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A small number of users upgrading their Domain Name System (DNS) servers to guard against a major exploit in BIND have become entangled in a denial of service issue.

The problem in updating from BIND (Berkeley Internet Name Domain) 4.9.x or 8.2.x to 9.1.0 is more a case of getting your hair singed than of jumping from the frying pan into the fire. This is because the DoS problem, though irritating, is much less serious than the earlier flaw.

On updating to BIND 9.1.0, some BSD users have experienced intermittent failures when running nmap.

Deri Jones, security services director at security testing specialists NTA Monitor, said: "The root cause appears to be a flaw in certain operating systems only, and the cause is the kernel returning a routine successfully but without in fact setting the right parameters."

"This is a small issue, involving low level kernel stuff, and shouldn't put people off upgrading their DNS software," he added.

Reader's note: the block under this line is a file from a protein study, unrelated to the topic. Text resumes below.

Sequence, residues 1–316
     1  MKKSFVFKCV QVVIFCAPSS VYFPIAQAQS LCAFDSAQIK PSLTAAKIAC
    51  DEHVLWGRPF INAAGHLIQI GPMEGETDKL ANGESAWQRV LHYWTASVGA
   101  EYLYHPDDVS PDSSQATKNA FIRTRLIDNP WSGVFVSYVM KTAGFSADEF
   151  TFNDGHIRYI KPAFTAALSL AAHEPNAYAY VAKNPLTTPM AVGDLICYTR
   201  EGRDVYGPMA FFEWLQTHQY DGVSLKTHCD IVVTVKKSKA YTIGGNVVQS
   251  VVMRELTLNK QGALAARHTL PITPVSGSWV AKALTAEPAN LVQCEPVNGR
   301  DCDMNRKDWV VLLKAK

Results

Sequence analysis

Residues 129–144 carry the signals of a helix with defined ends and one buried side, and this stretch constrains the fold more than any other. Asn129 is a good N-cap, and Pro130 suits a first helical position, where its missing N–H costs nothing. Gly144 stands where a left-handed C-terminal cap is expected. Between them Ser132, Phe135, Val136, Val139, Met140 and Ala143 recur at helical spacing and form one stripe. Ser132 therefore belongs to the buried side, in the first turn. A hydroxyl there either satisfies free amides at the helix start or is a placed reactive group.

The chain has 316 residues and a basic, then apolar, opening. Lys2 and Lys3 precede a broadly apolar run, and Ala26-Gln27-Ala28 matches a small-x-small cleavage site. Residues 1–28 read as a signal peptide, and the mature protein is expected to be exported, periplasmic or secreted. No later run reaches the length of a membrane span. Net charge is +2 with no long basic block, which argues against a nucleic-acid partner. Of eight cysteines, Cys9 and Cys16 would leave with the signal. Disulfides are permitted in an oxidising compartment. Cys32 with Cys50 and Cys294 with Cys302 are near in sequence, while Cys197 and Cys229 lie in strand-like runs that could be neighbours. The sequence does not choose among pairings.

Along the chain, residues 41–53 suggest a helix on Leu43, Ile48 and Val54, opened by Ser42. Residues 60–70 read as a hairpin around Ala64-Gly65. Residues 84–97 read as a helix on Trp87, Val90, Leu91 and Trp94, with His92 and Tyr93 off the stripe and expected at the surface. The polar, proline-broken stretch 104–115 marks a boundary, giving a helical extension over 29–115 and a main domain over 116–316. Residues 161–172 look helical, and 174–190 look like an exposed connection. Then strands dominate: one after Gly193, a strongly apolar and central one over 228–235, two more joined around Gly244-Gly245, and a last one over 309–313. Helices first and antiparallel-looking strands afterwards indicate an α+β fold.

According to postings on security mailing list, BugTraq, the issue has been reported by Free- Open- and NetBSD sites, and "some Linux users".

When BIND 9.1.1 is released it will include a work around so that such kernel flaws do not stop BIND working.

BIND is an open-source software program which has become the de-facto standard for DNS servers on the Internet. Around 80 per cent of DNS servers run BIND.

In January, a notice outlining a series of severe security problems with BIND was posted by CERT. The advisory documents four vulnerabilities in BIND, including two buffer overflows that could allow attackers to remotely gain unrestricted access to machines running the program. ®

External link:
NTA Monitor

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